Let’s call her Rebecca. Rebecca is a Christian mother of one who was in an abusive marriage for years. We only noticed when things became worse. To cut a long story short, she killed her baby and almost committed suicide but for passers-by who got hold of her naked body just before she could jump in front of a train. Rebecca has been in a mental health care center for 4 years now. When asked why she didn’t seek help while she was abused, she said “I was afraid of what people will say when they find out my husband beat me, I wanted to protect him and our name”.
Depression: Let’s Talk!
Let’s talk depression is the theme for this year’s World Health Day’s celebration. I watched a documentary some time ago which documented the life of a fellow African living with depression in Nigerian. What saddened me most was the fact that this man was stigmatized, called a witch and excluded from the community. The sad fact is, he is one of many such depression cases in Africa. But first let’s find out what depression is.
Depression is defined by the World Health Organization (WHO) as
“An illness characterized by persistent sadness and a loss of interest in activities that you normally enjoy, accompanied by an inability to carry out daily activities, for at least two weeks. In addition, people with depression normally have several of the following symptoms: a loss of energy; a change in appetite; sleeping more or less; anxiety; reduced concentration; indecisiveness; restlessness; feelings of worthlessness, guilt, or hopelessness; and thoughts of self-harm or suicide”.
The WHO has ranked this disease the second leading cause of death among 15-29-years olds. Alarming isn’t it? Yet, it can be prevented and even treated if we inform ourselves and better understand the causes and possible consequences of depression, how and where to seek help and especially if our families, friends, and community members provide support to those suffering.
Why people become depressed
Depression or mental illness can be triggered by one or more of the following reasons; poverty, unemployment, life events such as the death of a loved one or a relationship breakup, child abuse, physical illness and problems caused by alcohol and drug use. Some studies found that people with cardiovascular diseases may also suffer from depression at some point. So the list of triggers is not limited to this list.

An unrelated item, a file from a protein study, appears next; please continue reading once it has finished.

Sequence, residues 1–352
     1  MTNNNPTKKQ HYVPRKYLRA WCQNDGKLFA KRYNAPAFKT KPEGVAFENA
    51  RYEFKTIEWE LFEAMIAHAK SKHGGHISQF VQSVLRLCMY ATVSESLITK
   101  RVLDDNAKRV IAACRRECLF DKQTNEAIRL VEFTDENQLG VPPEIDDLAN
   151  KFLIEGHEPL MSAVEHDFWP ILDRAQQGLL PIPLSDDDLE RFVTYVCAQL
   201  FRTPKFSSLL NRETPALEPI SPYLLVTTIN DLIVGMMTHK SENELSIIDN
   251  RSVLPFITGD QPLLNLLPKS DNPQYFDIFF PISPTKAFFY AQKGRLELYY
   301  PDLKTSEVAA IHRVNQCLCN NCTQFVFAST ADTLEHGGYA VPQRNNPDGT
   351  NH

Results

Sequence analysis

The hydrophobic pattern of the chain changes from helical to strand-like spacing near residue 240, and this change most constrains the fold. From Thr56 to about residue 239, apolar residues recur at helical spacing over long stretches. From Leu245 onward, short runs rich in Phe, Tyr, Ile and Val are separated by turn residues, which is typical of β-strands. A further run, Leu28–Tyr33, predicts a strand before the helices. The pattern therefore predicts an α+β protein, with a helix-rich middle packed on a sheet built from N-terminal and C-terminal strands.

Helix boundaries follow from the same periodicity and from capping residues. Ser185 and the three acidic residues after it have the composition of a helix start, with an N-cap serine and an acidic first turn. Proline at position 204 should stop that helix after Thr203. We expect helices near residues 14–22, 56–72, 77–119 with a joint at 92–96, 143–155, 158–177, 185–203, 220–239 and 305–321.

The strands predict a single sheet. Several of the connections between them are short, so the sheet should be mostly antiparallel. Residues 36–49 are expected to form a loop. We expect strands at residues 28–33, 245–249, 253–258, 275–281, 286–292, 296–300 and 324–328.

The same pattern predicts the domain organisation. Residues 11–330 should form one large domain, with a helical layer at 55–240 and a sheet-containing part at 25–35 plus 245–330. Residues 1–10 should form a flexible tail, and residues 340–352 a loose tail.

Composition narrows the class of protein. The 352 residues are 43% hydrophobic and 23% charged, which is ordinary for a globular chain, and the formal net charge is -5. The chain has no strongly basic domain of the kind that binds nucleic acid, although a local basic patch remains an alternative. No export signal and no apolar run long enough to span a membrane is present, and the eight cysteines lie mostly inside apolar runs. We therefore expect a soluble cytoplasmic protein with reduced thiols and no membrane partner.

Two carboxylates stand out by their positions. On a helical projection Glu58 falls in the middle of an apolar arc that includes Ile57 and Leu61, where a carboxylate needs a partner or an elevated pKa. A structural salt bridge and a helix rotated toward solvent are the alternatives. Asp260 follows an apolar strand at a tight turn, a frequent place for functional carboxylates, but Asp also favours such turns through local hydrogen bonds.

Who can be affected by depression?
Unlike what many believe, anyone can be depressed. It doesn’t matter how old you are, it doesn’t depend on your socio-economic status, your race or your religion. The disease affects people of all ages, from all walks of life, in all countries.
Why Africans shy away from help
Most often than not, people who suffer from depression are stigmatized. This stigma is the main reason why patients refuse to talk until is too late. In the African society, people with depression are considered a curse and excluded from the society. Some families go as far as abandoning their relatives who have depression to themselves. Also, some religious organizations believe that depression is from the devil and that a child of God cannot be depressed. All these factors make it even more difficult for patients especially Africans to seek help and receive treatment.
Can depression be prevented and treated?
Yes! Preventing the disease can be achieved simply by breaking the stigma around it. Talking about depression, in the family, workplace, church setting will go a long way to prevent the disease and help break down stigma which will ultimately lead to more patients getting help. Also, through psychological programs and therapy and anti-depressant drug treatments can go a long way to treat moderate to severe depression.
Take Home Message from the WHO
- The risk of becoming depressed is increased by poverty, unemployment, life events such as the death of a loved one or a relationship breakup, physical illness and problems caused by alcohol and drug use.
- It causes mental anguish and can impact on people’s ability to carry out even the simplest everyday tasks, with sometimes devastating consequences for relationships with family and friends.
- Untreated, it can prevent people from working and participating in family and community life.
- At worst, depression can lead to suicide.
- It can be effectively prevented and treated. Treatment usually involves either a talking therapy or antidepressant medication or a combination of these.
- Overcoming the stigma often associated with depression will lead to more people getting help.
- Talking with people you trust can be a first step towards recovery from depression.
Are you or someone you know feeling depressed? Please get help. Mental illness is nothting to be ashamed of. Talk to someone you can trust. Know that it is not your fault or curse. You or they can be treated if you/they seek help NOW. Be encouraged. You are not alone. For more information please read the WHO fact sheets on depression.